Washington’s backup plan for dealing with its prison space crunch might benefit a private company while making it harder on families to visit their incarcerated loved ones.
Even if state lawmakers agree to build a new prison in south Thurston County to house a growing inmate population — no sure thing — officials could still send inmates out of state while it’s being built.
“In the short term we’re still going to have some challenges,” Corrections Secretary Bernie Warner said, noting it would take until 2020 to convert the former juvenile detention center in Grand Mound to an adult prison. “I don’t know in two years or so whether we run out of our ability to manage them safely and we might need to look at out-of-state beds again.”
A deal Warner’s agency signed May 13 with Florida-based GEO Group provides that outlet. The private prison company said the contract would allow its North Lake Correctional Facility in rural Michigan to house up to 1,000 Washington inmates.
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The company said in a news release announcing the deal that inmates are expected to start arriving late this year at the Baldwin, Michigan, facility, which is preparing to reopen after sitting idle. But the Corrections Department contradicted that claim in its own statement, insisting there are no current plans to use the contract.
The agency said it signed the deal to keep a contingency plan in place after the expiration of a contract with another private prison company, Corrections Corporation of America.
The state would pay GEO $60 per day per inmate, for a total the company said could reach $24 million a year. The contract runs through August 2018 and can be extended for two extra years.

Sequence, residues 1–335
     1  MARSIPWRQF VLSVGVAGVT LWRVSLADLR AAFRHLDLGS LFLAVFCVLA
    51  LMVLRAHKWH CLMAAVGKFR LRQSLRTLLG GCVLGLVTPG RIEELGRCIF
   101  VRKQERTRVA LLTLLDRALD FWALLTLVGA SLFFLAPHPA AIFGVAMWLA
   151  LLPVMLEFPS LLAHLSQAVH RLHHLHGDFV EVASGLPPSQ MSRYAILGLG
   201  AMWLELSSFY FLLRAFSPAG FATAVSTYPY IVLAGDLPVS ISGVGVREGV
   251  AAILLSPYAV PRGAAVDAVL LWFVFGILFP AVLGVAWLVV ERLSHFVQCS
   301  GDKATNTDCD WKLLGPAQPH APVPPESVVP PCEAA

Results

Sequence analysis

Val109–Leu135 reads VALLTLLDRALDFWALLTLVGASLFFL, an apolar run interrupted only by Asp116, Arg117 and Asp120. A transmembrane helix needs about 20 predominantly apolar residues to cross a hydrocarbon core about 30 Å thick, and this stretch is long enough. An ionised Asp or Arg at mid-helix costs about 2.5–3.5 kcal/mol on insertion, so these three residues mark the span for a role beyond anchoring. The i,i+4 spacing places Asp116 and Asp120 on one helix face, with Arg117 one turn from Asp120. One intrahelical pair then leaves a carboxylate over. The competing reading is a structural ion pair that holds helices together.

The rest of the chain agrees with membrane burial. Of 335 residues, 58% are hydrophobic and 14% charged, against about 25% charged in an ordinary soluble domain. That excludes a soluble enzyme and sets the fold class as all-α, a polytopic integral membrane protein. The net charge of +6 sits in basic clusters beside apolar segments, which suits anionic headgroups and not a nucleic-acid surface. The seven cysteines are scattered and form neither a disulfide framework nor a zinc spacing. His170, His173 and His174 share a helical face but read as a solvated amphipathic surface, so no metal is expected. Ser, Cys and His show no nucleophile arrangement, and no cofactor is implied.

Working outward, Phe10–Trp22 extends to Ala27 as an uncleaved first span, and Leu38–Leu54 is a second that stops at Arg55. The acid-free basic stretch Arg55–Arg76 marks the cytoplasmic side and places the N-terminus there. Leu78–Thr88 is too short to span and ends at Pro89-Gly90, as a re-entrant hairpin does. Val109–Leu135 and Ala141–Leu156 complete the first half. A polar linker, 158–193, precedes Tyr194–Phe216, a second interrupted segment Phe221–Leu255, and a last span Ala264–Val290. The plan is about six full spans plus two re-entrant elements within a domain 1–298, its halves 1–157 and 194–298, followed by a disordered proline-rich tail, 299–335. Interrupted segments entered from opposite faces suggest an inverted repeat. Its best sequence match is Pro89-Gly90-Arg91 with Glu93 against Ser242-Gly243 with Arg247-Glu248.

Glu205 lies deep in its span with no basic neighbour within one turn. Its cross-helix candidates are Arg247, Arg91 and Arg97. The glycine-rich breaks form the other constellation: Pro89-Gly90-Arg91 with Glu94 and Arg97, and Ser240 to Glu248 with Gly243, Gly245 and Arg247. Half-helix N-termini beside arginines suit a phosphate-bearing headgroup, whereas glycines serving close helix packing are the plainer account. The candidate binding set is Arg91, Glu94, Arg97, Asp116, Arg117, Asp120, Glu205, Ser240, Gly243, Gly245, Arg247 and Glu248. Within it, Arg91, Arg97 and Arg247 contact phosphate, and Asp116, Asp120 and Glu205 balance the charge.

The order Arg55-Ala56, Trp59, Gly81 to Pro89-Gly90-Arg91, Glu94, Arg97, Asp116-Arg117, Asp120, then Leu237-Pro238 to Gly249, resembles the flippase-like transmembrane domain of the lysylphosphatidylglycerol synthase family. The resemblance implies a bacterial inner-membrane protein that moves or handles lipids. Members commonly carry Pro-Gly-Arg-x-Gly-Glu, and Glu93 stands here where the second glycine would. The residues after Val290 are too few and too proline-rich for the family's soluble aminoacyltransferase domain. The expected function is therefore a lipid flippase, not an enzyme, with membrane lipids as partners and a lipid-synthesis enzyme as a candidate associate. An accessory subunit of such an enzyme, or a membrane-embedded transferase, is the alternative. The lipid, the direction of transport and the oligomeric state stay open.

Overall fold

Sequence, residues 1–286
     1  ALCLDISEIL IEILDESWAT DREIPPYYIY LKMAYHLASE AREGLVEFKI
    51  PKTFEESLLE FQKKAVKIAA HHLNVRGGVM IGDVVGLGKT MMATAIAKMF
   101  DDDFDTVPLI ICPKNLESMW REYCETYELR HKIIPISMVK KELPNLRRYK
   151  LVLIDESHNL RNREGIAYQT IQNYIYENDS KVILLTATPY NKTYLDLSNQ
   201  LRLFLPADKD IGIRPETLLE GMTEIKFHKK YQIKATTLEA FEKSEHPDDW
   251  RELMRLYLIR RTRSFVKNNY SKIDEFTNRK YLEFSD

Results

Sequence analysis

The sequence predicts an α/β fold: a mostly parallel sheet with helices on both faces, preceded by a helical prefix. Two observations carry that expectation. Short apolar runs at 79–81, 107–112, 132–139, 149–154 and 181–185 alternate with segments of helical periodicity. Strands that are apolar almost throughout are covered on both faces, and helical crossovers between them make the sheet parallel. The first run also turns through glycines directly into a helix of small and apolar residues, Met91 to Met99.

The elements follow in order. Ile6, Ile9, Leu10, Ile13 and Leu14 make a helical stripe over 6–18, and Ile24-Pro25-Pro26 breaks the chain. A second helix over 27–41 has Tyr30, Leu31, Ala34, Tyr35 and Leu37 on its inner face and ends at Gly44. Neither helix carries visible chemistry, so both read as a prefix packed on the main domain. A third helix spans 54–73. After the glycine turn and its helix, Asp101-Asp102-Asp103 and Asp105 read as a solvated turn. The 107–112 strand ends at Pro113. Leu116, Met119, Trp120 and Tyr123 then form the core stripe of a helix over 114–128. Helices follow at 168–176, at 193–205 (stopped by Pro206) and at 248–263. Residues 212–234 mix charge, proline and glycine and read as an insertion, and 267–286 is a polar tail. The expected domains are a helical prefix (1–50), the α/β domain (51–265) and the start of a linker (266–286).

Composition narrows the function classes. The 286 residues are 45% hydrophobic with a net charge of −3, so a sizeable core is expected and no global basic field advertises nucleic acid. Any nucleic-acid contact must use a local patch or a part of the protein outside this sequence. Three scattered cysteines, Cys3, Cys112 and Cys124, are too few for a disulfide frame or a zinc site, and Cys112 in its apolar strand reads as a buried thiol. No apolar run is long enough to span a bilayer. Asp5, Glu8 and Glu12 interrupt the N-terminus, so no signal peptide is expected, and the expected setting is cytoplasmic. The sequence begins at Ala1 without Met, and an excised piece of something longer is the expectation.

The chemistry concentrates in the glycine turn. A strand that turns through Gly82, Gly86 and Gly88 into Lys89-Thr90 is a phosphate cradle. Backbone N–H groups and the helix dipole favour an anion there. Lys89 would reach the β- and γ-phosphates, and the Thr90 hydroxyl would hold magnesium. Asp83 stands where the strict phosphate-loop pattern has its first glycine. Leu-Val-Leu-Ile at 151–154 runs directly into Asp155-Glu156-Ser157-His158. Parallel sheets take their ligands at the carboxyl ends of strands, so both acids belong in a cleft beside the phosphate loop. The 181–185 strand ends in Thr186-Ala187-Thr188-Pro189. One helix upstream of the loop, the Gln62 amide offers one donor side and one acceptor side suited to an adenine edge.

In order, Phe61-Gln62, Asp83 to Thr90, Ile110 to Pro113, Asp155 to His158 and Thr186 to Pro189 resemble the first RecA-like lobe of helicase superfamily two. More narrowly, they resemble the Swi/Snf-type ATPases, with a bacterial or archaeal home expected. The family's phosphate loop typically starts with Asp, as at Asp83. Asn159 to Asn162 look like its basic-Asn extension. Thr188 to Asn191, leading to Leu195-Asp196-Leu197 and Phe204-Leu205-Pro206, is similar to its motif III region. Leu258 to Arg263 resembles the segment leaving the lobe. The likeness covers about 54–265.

Prisons run by GEO have faced accusations of poor living conditions and dangerous practices. GEO says its facilities are safe. The company runs a federal detention center for immigrants on the Tacoma Tideflats where detainees went on hunger strikes throughout 2014.
Washington has no prisoners in other states today. As recently as 2009, it had inmates scattered around the country at private prisons in places such as Minnesota, Arizona and Oklahoma.
Loren Taylor, who worked for the Department of Corrections at that time and now advocates for prison reform, said prisoners were picked to be sent out of state as punishment.
It’s hard enough for families to visit their loved ones incarcerated on the other side of the state, Taylor said, let alone the other side of the country.
“You’re punishing the families again,” said Taylor of Ocean Shores.
Out-of-state prisoners came home as Washington’s prison population shrank, but the decline proved temporary.
The latest growth has strained a system that closed three prisons as part of Great Recession-era budget cuts. At 16,700 inmates, Washington’s prisons were at 99.7 percent of capacity in April. By 2020, the state expects to need about 1,000 more beds in medium-security units, where the space crunch is worst.